They love an underdog at Roland Garros. And so the crowd cheered every winning combination that Roger Federer drew from his bag of tricks.
The Swiss world number one may have already 12 grand slam titles and reached the last two finals here in Paris, but he’s been decidedly second best on both occasions to the Spanish clay court maestro, Rafael Nadal.
Federer started his latest attempt for the French Open on Court Suzanne Lenglen – an intimate venue named after the French champion from the 1920s. She was nicknamed La Divine. And she was a one. Renowned for her innovative free-flowing skirts and elegant shots; she was the type to quaff champagne after swatting aside the inconveniences known as the opponent on the other side of the net.
He who would be Le Divin certainly has an old world nonchalance about his game.
Effortlessly penetrating half-volleys off his feet as he moves into the court, a deceptively lethal forehand and an unreadable serve, there’s not much that the 26 year-old cannot do. While the others grunt their malevolence, the Swiss is silent menace. Federer eased past the American Sam Querrey without too much fuss. He said later in his press conference that he was happy to have advanced to the second round.
That was before the rains came down midway through a day of changing conditions. And the problem is that when the heavens open there isn’t that much to do within the stadium complex.
Suddenly the stalls promoting various makes of racquets become the most enthralling thing in the world. But that’s for the people who haven’t been able to huddle under the centre court walkways. Those lucky few stand around blocking the thoroughfare. And it turns into an effort to get out into other areas of the grounds.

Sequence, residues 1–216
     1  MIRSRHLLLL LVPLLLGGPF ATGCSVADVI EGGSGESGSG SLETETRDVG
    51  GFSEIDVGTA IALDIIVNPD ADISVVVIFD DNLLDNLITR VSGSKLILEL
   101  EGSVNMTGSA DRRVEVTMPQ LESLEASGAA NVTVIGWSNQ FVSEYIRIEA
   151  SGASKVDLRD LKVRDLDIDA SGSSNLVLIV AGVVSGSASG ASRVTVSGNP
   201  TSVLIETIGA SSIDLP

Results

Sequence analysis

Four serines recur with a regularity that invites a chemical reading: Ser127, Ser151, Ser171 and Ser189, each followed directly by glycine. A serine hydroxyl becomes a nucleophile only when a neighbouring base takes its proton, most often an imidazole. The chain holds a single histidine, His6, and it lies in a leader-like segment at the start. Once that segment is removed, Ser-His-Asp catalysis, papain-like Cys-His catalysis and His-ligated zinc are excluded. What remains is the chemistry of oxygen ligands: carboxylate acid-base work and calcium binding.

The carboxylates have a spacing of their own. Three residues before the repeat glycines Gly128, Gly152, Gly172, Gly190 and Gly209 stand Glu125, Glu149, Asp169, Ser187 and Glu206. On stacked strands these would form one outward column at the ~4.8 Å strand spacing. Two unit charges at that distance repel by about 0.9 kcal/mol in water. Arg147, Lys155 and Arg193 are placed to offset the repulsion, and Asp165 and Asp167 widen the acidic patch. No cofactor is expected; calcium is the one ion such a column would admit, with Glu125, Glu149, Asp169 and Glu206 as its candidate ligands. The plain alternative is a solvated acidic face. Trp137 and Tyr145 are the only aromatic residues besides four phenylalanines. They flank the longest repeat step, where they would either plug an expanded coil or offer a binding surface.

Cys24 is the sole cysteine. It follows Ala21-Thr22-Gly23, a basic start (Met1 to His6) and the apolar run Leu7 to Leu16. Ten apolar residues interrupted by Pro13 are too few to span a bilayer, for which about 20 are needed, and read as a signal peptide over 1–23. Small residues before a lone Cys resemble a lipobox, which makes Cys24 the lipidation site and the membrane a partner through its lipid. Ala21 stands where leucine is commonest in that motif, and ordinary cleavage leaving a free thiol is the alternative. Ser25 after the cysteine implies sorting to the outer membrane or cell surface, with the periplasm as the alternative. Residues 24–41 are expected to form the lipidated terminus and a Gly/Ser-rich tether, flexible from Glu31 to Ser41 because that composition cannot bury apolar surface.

Experience has taught me that the best thing to do at the first sign of rain is to vacate the centre court press box and head towards the RFI studio atop Suzanne Lenglen. But it was compelling on centre court today. The crowd was cheering on the underdog with a passion.
And why not. Tzipora Obziler from Israel was giving the American eighth seed Venus Williams a hard time. From 4-4 in the second set, the Israeli won three games in a row to take the set and go a break up in the decider.
As the first droplets of rain spattered about the centre court there was a sense of a shock in the offing. But Obziler refused to accommodate the upset and she promptly lost her own serve. Venus held to lead 2-1, took the Israeli’s serve for 3-1 and just as it all seemed wrapped up, she faltered and we had the prospect of an upset again. No. Very wrong. From 3-2 to Williams it was suddenly 6-2. Venus, pirouetting daintily, waved triumphantly to the spectators and off they came.
Those who had tickets to see Nadal against the Brazilian qualifier Thomaz Bellucci prepared themselves. But the men did not show. Worse still, the covers came on. And that’s where they stayed until play was abandoned at just after 7pm.
The hardy souls that had stayed perched under umbrellas on their seats within the show courts were at least regaled with replays on the giant screen of clashes from yesteryear. It’s one way of passing the time during a rain break but it’s hardly value for money after a certain point.
Tickets will be reimbursed 50 per cent if there’s been two hours play or less and completely refunded if there’s been less than an hour of slugging. You pay your money and take your chance as a spectator at Roland Garros. No wonder they love an underdog.